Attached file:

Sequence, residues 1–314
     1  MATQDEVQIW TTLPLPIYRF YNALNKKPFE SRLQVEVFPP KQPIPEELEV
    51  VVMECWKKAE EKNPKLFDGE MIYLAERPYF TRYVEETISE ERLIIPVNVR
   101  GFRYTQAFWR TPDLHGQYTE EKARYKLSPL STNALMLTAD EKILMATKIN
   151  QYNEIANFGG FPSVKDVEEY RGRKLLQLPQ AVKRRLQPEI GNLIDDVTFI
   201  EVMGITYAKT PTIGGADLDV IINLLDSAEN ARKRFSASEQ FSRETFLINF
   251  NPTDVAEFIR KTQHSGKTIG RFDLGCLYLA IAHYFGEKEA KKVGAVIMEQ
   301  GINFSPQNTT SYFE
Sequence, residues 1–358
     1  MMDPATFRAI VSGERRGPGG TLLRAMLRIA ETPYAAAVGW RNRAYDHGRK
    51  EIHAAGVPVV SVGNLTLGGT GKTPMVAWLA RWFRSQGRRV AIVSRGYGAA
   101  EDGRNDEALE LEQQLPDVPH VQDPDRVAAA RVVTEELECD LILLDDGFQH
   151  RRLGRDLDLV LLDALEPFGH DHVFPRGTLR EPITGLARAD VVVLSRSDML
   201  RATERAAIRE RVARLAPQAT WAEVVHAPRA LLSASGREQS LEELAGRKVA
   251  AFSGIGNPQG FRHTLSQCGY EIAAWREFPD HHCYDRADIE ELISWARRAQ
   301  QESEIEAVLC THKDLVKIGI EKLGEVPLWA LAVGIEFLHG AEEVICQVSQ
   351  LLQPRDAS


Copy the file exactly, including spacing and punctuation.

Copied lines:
Sequence, residues 1–314
     1  MATQDEVQIW TTLPLPIYRF YNALNKKPFE SRLQVEVFPP KQPIPEELEV
    51  VVMECWKKAE EKNPKLFDGE MIYLAERPYF TRYVEETISE ERLIIPVNVR
   101  GFRYTQAFWR TPDLHGQYTE EKARYKLSPL STNALMLTAD EKILMATKIN
   151  QYNEIANFGG FPSVKDVEEY RGRKLLQLPQ AVKRRLQPEI GNLIDDVTFI
   201  EVMGITYAKT PTIGGADLDV IINLLDSAEN ARKRFSASEQ FSRETFLINF
   251  NPTDVAEFIR KTQHSGKTIG RFDLGCLYLA IAHYFGEKEA KKVGAVIMEQ
   301  GINFSPQNTT SYFE
Sequence, residues 1–358
     1  MMDPATFRAI VSGERRGPGG TLLRAMLRIA ETPYAAAVGW RNRAYDHGRK
    51  EIHAAGVPVV SVGNLTLGGT GKTPMVAWLA RWFRSQGRRV AIVSRGYGAA
   101  EDGRNDEALE LEQQLPDVPH VQDPDRVAAA RVVTEELECD LILLDDGFQH
   151  RRLGRDLDLV LLDALEPFGH DHVFPRGTLR EPITGLARAD VVVLSRSDML
   201  RATERAAIRE RVARLAPQAT WAEVVHAPRA LLSASGREQS LEELAGRKVA
   251  AFSGIGNPQG FRHTLSQCGY EIAAWREFPD HHCYDRADIE ELISWARRAQ
   301  QESEIEAVLC THKDLVKIGI EKLGEVPLWA LAVGIEFLHG AEEVICQVSQ
   351  LLQPRDAS